While we can't use Linux on these devices we can still enlist the help of GCC (targeted for AVR) along with a host of other open source software to speed up the whole process. Perhaps the most popular tool chain for working with AVR devices is a free development environment called "WinAVR". WinAVR is a GCC / Bin Utils / AVRlibC based distribution with an IDE thrown in that, as you might guess, runs on windows. Alternatively Atmel distributes their own environment, AVR Studio, which also runs on windows. While these seem to be the most popular judging from posts on internet message boards they aren't the only option. It is possible to do development directly under Linux without depending on Windows or any other non-free software. What follows are my notes on how I got my board up and running using only free software running on Linux.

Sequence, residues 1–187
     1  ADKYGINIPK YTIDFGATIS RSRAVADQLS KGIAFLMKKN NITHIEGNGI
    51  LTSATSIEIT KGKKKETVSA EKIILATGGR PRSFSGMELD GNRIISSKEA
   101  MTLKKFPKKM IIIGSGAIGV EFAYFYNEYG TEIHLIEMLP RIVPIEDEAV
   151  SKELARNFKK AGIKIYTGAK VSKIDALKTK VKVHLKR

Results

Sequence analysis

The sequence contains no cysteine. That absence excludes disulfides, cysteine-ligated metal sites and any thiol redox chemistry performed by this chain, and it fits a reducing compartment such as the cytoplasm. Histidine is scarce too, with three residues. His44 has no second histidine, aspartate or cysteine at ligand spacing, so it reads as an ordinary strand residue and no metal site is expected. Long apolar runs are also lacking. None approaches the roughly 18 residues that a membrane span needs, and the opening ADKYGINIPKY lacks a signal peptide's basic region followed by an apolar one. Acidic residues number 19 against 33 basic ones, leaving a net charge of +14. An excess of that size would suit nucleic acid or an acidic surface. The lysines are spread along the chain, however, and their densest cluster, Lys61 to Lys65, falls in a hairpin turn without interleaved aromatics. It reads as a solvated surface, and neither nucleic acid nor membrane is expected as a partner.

The main thing I found is that while there are many good resources out there that provide hints no one site contained all the correct information in the same place and many omitted a few critical less than obvious details. Hence my motivation to document it here. Before you start you are going to want to gather recent versions of at least the following packages...
Since your system will already have native versions of GCC and Binutils installed we want to be careful not to clobber the native versions. We do this in two ways. First we keep out AVR tool chain separate from our systems by installing to a separate path and secondly all of the AVR versions of the tools will have the prefix "avr-" perpended to them.